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      07-26-2005
On 2005-07-26, Brandon Metcalf <(E-Mail Removed)> wrote:
> On 2005-07-26, (E-Mail Removed) <(E-Mail Removed)> wrote:
>> Brandon Metcalf <(E-Mail Removed)> wrote:
>>> I'm seeing a behavior with using "kill 0,$pid" to determine if a
>>> process is running that I didn't expect. It seems that only root can
>>> correctly get the status on processes that root or another user that
>>> is different from the one calling kill() owns. For example,
>>>

>> ...
>>>
>>> Is this the expected behavior? I'm sure it is since every platform
>>> and version of Perl I've tried behave the same way.

>>
>> Given the docs for kill, it is the behavior I would expect (** mine):
>>
>> If SIGNAL is zero, no signal is sent to the process. This
>> is a useful way to check that the process is alive and
>> **hasn't changed its UID.** See perlport for notes on the
>> portability of this construct.
>>
>> And by all means, do see perlport.

>
> Sure, I looked at perlport but didn't see anything that explained what
> I'm seeing. Also, I don't see anything in the documentation for
> kill() what would explain this behavior. You highlighted "hasn't
> changed its UID", but I don't understand what that has to do with the
> problem.


OK. This explains it:

$ ps -ef|grep gdm
root 965 1 0 Jul19 ? 00:00:00 /usr/bin/gdm
root 978 965 0 Jul19 ? 00:00:00 /usr/bin/gdm
root 979 978 0 Jul19 ? 00:40:01 /usr/X11R6/bin/X :0 -deferglyphs 16 -nolisten tcp -audit 0 -auth /var/lib/gdm/:0.Xauth -nolisten tcp vt7
bmetcalf 25710 25677 0 11:45 pts/13 00:00:00 grep gdm
$ perl -le 'kill 0,965 or print $!'
Operation not permitted

So, one has to have permission to actually send a signal 0.

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Brandon Metcalf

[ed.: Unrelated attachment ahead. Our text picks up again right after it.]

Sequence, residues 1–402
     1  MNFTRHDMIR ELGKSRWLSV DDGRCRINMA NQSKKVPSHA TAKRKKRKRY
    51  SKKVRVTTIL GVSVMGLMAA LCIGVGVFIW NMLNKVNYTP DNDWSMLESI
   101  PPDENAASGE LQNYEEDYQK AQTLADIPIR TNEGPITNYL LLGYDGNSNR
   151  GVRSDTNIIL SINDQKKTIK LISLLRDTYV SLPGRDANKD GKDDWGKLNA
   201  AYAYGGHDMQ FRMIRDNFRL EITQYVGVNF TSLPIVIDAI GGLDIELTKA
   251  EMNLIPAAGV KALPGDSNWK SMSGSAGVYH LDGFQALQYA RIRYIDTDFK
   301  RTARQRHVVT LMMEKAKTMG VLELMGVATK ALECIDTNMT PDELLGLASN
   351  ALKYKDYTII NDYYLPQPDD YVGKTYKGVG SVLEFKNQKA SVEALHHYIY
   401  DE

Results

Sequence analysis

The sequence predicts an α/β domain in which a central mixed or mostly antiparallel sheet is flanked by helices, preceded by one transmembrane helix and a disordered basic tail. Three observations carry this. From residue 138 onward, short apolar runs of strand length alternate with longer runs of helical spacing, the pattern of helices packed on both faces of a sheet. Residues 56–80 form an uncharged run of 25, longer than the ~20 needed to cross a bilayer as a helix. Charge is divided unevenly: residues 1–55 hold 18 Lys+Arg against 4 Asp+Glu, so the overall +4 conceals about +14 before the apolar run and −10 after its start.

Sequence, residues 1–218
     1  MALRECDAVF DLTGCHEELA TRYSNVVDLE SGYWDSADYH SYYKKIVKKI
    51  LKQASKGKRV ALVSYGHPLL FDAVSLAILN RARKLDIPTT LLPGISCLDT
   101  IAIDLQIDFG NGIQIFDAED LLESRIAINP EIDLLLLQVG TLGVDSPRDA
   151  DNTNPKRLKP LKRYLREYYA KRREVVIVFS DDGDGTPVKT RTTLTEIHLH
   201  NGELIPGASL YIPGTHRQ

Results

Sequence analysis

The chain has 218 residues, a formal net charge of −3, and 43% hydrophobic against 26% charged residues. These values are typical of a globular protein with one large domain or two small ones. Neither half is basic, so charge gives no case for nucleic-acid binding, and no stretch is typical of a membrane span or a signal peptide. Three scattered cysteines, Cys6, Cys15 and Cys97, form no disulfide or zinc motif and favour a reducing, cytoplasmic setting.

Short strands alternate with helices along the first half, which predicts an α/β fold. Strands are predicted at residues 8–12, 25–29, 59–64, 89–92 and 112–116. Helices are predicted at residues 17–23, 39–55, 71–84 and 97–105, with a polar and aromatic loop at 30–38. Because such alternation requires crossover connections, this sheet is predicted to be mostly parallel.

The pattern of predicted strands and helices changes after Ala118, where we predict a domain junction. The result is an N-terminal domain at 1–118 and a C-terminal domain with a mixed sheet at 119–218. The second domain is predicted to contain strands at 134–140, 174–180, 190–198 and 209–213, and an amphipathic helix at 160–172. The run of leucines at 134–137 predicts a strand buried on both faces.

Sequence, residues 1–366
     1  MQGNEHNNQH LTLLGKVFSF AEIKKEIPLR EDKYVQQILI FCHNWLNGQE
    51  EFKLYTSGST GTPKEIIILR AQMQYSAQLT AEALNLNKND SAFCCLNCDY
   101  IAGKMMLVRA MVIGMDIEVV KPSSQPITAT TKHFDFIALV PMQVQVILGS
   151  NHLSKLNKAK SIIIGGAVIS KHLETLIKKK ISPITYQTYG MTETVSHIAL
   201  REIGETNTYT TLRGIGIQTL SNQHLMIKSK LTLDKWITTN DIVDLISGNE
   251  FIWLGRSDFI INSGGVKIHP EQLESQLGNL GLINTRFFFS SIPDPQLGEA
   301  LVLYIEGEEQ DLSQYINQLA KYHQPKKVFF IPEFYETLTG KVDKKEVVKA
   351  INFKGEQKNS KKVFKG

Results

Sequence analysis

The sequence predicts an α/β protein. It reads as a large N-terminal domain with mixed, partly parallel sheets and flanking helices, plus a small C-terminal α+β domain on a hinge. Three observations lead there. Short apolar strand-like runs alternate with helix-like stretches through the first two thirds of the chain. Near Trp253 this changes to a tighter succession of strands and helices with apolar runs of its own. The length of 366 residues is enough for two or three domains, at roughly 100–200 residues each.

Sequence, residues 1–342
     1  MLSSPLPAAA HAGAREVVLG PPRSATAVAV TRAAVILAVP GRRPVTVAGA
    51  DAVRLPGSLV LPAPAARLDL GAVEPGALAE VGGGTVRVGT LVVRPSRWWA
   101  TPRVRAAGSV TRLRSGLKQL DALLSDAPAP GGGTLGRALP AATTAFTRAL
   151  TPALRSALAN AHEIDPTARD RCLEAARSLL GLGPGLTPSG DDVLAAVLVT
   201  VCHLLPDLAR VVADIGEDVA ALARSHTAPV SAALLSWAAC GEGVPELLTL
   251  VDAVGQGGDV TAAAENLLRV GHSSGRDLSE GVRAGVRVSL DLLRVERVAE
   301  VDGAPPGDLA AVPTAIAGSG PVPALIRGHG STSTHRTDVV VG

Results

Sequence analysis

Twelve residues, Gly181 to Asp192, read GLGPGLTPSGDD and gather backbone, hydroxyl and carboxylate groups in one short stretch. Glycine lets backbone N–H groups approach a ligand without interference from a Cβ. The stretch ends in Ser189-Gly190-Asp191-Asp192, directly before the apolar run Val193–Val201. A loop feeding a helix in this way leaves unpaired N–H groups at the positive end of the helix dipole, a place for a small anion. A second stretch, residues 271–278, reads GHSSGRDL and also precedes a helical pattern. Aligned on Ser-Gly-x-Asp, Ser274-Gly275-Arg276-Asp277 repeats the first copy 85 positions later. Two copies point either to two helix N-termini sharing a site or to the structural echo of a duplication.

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      07-26-2005
On 2005-07-26, Jim Gibson <(E-Mail Removed)> wrote:
> In article <20050726113448.218$(E-Mail Removed)>, <(E-Mail Removed)>
> wrote:
>
>> Brandon Metcalf <(E-Mail Removed)> wrote:
>> > I'm seeing a behavior with using "kill 0,$pid" to determine if a
>> > process is running that I didn't expect. It seems that only root can
>> > correctly get the status on processes that root or another user that
>> > is different from the one calling kill() owns. For example,
>> >

>> ...
>> >
>> > Is this the expected behavior? I'm sure it is since every platform
>> > and version of Perl I've tried behave the same way.

>>
>> Given the docs for kill, it is the behavior I would expect (** mine):
>>
>> If SIGNAL is zero, no signal is sent to the process. This
>> is a useful way to check that the process is alive and
>> **hasn't changed its UID.** See perlport for notes on the
>> portability of this construct.

>
> And from the 'man kill' page:
>
> "Only the super-user may send signals to other users' processes."



Sure, I read that as well. But Perl's implementation of signal 0 is
special in that it doesn't actually send a signal to the process. It
simply checks to see if it's alive. It doesn't seem that special
permissions would be required to check the existence of a process.

But, per my last post, proper permissions are required.